Just before noon on June 2, a light-medium Tactical Vehicle had become stuck and overturned during a low-water crossing exercise. Due to heavy rains and a flash flood, the vehicle overturned, spilling the 12 soldiers aboard into the 20-mile Owl Creek.
The creek winds through heavily wooded terrain, and is located near the northern point of the 340 square mile Fort Hood base.
Fort Hood emergency officials immediately began their search, locating six soldiers just downstream from the vehicle—three of whom were deceased. The living three were transported to a nearby hospital and listed under stable condition.
Roughly seven hours later, officials located two more soldiers, who also were deceased, bringing the total to five.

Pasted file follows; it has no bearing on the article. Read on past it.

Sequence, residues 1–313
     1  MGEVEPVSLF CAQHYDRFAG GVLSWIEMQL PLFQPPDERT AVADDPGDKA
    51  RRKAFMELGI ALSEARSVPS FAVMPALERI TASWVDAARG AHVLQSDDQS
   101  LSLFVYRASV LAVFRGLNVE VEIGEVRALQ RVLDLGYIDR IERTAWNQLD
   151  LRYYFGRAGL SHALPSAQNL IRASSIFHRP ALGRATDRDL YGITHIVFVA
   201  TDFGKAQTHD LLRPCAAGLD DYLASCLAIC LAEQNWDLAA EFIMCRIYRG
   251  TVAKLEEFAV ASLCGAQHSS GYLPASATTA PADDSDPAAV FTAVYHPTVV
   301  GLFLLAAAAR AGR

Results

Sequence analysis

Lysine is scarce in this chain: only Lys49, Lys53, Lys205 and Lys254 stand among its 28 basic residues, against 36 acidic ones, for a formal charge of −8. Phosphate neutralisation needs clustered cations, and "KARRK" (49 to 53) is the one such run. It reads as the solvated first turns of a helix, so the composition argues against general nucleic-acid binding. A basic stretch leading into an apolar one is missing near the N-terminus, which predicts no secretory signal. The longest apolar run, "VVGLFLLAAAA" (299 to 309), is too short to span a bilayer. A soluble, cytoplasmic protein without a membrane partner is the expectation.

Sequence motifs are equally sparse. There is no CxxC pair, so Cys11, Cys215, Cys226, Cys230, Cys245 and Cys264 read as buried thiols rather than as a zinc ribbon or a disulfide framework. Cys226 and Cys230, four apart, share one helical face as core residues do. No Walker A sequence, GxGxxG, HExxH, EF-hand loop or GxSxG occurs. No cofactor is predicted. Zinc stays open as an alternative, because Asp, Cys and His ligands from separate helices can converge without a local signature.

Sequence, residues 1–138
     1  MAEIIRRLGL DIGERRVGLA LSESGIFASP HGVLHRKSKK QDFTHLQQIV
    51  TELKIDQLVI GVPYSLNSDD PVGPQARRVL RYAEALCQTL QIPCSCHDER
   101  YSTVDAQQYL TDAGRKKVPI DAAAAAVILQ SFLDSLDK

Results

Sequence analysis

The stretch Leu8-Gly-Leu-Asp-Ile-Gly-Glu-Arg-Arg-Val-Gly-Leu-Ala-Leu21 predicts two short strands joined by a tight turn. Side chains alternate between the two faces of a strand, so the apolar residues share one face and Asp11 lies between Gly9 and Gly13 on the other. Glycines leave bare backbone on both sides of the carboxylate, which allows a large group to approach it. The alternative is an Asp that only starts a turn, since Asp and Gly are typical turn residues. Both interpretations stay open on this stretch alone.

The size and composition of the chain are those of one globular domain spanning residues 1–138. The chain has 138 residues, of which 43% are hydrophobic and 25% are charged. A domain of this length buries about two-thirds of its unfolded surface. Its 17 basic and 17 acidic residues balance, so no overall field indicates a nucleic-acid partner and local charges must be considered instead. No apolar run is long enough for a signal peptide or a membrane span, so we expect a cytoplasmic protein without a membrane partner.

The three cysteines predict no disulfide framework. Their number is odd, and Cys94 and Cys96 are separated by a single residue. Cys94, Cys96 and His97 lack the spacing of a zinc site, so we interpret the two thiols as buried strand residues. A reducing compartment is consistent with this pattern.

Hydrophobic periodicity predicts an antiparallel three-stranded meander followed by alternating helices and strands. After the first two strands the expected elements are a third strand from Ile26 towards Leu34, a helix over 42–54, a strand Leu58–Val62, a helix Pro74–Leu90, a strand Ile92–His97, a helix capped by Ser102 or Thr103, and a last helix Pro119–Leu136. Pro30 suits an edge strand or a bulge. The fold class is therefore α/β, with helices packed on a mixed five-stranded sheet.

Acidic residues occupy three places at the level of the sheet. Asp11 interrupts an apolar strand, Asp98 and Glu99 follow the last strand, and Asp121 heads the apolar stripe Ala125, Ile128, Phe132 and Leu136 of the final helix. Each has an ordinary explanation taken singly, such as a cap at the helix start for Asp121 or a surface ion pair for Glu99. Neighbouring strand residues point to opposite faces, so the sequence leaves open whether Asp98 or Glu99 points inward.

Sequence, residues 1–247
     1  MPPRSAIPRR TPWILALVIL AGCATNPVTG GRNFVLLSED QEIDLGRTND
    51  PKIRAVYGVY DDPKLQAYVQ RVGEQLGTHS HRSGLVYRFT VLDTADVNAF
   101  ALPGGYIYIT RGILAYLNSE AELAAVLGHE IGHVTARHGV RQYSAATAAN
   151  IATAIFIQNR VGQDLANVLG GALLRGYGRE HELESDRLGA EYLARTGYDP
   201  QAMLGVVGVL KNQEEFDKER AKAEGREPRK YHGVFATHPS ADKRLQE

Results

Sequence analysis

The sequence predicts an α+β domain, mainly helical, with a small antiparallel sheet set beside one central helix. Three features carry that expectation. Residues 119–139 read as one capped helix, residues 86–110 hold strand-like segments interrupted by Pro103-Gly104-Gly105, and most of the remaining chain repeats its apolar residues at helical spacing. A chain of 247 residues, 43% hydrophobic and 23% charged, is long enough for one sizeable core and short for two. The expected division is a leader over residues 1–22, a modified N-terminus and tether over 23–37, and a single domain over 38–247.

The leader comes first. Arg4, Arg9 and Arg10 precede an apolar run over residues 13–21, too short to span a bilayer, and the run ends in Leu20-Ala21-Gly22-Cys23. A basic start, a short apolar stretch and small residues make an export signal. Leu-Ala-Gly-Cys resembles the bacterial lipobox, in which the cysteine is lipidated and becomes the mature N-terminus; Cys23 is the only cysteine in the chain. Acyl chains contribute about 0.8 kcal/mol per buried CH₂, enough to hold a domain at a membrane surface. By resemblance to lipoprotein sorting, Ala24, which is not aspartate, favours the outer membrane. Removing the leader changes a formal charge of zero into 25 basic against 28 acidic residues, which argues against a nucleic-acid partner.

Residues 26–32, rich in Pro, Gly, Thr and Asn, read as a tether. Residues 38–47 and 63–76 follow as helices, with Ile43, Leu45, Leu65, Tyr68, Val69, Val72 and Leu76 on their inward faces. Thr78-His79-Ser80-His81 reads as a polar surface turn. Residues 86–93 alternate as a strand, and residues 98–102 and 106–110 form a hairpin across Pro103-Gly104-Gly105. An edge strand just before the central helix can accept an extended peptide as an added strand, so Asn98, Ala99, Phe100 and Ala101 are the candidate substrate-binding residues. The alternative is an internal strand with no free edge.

In a statement from Fort Hood’s Press Center, Major General John C. Thomson III, 1st Cavalry Division Commanding General, said:
“The 1st Cavalry Division is grieving after a training accident at Fort Hood during flash flooding this morning. We are deeply saddened by the loss of several Troopers and continue search operations. Your thoughts and prayers are greatly appreciated during this difficult time as we care for the Families, loved ones, and fellow Soldiers of those impacted by this tragedy. God Bless the First Team.”
Fort Hood officials, with the help of local and state agencies who are providing aircraft, canines, ground equipment, watercraft, and additional search personnel, are continuing their search efforts to locate the remaining four soldiers.
Names of the deceased will be released 24 hours after all next of kin have been notified.
Updates to come as more information becomes available.
The Associated Press contributed to this report.